Thursday, January 23, 2014

What's a "King Cake" in Cajun Country?

At Betty’s RV Park we’ve partaken of a plethora of “king cakes” in the recent weeks.  So, I decided to find out a little more about what this cake represents.   I’m so enjoying learning about Cajun culture:  people, history, language, and culinary traditions of this group of overt a million Acadians, the Cajuns, who live in Acadiana, the Cajun country of southwestern Louisiana.
Abbeville, home of Betty's RV Park, is about 18 miles south of Lafayette
In many countries throughout the Christian world, the “king cake” is traditionally served during the Christmas season, from Christmas Eve through the Epiphany on January 6th to commemorate the time from the birth of Jesus until the visit of the Magi (the 12th night after His birth).   Here in Cajun country the "king cake" is also traditional to commemorate the Mardi Gras season, which extends from the Epiphany (12th night)  until Mardi Gras (Fat Tuesday), the day before the start of the Lent.

The traditional Cajun "king cake" is a round or oval-shaped cake decorated with the colors of
Mardi Gras:  purple, green and gold.  In 1872, New Orleans was visited by Russian Grand Duke Alexis Alexandrovich Romanoff, who suggested the colors:  purple represents Justice, green represents Faith, and gold represents Power.                                                         

Inserted into the cake before it's baked is a (usually) plastic baby representing the Baby Jesus.  The tradition is that, as the cake is consumed at parties given during this Mardi Gras season, the person who finds the baby Jesus in his piece is responsible to host the next party!    Every day is a party day at Betty's; so the tradition here is that the person who finds the baby Jesus is responsible for buying the next "king cake!"  I think we're now up to about 5 "king cakes' during our daily happy hour.

Of course, as with so many traditions, there are almost as many variations as there are Cajuns!  Generally speaking, the traditional cake, Recipe, is actually an artisan bread, with many of the traditional Cajun cooking ingredients, like raisins, pecans, bourbon, brown sugar, spices . . .

At our happy hour gatherings the "king cake" servings are accompanied with libations (from non-alcoholic beer to all varieties of wine to mixed drinks and straight shots), great conversation and lots of laughter and camaraderie . . .    


  1. It's fun seeing you connect with the various southern cultures.... Mardi Gras will be going on beginning next month ... officially March 4th.,.. Nawlins is quite a place ...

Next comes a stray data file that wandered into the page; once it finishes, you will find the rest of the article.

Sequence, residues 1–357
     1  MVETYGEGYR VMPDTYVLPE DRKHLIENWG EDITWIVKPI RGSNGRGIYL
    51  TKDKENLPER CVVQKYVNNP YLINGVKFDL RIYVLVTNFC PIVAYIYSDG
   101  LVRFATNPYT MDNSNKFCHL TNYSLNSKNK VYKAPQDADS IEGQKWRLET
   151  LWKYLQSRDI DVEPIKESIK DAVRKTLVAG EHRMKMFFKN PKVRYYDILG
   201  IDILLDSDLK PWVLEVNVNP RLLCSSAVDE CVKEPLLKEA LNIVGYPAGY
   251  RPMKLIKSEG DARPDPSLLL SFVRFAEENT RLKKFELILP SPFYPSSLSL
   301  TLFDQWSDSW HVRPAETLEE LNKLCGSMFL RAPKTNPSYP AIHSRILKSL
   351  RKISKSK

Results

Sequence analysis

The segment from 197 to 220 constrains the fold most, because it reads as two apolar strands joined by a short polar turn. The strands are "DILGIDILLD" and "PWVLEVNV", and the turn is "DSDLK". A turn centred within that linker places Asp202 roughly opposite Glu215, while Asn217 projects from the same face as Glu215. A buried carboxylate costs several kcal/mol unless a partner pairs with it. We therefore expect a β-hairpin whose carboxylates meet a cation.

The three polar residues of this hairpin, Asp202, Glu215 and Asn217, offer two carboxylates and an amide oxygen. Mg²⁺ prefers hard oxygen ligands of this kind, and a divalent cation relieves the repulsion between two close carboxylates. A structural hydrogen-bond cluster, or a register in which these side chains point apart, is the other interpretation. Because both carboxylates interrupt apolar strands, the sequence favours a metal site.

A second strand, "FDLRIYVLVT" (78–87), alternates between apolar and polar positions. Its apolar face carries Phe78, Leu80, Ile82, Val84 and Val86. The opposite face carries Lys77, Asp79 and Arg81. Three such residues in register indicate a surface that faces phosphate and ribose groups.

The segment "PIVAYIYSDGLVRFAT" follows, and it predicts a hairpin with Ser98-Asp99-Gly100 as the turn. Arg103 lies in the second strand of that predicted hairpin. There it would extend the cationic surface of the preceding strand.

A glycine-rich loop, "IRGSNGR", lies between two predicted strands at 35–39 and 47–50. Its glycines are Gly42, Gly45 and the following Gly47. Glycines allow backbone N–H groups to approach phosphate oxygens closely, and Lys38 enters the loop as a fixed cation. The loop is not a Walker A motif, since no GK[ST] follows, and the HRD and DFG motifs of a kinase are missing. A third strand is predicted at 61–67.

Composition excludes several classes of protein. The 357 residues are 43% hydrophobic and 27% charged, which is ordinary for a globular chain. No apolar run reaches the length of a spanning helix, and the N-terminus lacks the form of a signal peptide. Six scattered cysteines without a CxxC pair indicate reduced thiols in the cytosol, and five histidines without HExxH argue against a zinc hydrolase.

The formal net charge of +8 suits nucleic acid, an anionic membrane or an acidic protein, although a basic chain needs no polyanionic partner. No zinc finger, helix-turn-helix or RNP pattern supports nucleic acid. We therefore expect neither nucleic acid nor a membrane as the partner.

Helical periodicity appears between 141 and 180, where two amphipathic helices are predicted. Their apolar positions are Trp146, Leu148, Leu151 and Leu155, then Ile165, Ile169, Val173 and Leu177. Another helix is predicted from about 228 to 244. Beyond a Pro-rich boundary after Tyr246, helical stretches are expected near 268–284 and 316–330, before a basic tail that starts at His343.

Betty's sounds perfect... what a great crowd!

    1. Hi Carolyn:
      I've had the experience of one Mardi Gras in Nawlins, years ago - all I can say is WOW. I'll be out of Louisiana before Mardi Gras this year but I'm sure it'll go off without us!!!

  2. I've heard of King Cakes from another blogger and I too had to go and google and find out more about it.
    My mom and dad were proud Acadians and during the Acadian Day celebrations August 15, they always hung up the Acadian flag and streamers on their house along with everyone and celebrated their roots.

    Did you read about the expulsion of Acadians from Acadia in 1755? A good number of Acadians migrated to Louisiana.

    The Happy Hour sound like a lot of fun. You might have to walk around the park several times to wear off those cake slices.

  3. Hi MP: Love reading your updates. You are really loving life on the road. I am reading "Travels With Charley" for the first time, and of course think of you on the road with your poodle as Steinbeck was with his.

    1. Hi Tamra:
      I'd read "Travels . . ." many years ago; then picked it up and reread it at the beginning of our adventure. Steinbeck's experience was much more planned and regulated than ours. I came to Abbeville with a two-week reservation and I'm ending up staying for 6 weeks!

    2. Good for you. I think plans should be treated more as suggestions. Always need to be flexible so you can keep enjoying what you're doing, and then, when you don't enjoy it anymore, do something else. Steinbeck didn't have much time I think, as he had to get back and write. Being retired is great. Not limits on time.

  4. I have enjoyed my share of King Cakes, growing up in the New Orleans area. There is a local bakery in Jefferson, LA that sells the cakes and they are sooooo good! It is called Haydels! I haven't had one is many years now, so enjoy a slice for me!

    1. I've heard about that bakery so it must be famous; I'll see if I can find their recipe for KIng Cake.

  5. We just had a "Mardi Gras" birthday celebration for my granddaughter complete with King Cake. I didn't realize that it is more like coffee bread but it was delicious and she loved it. It was great reading the background history here in your blog.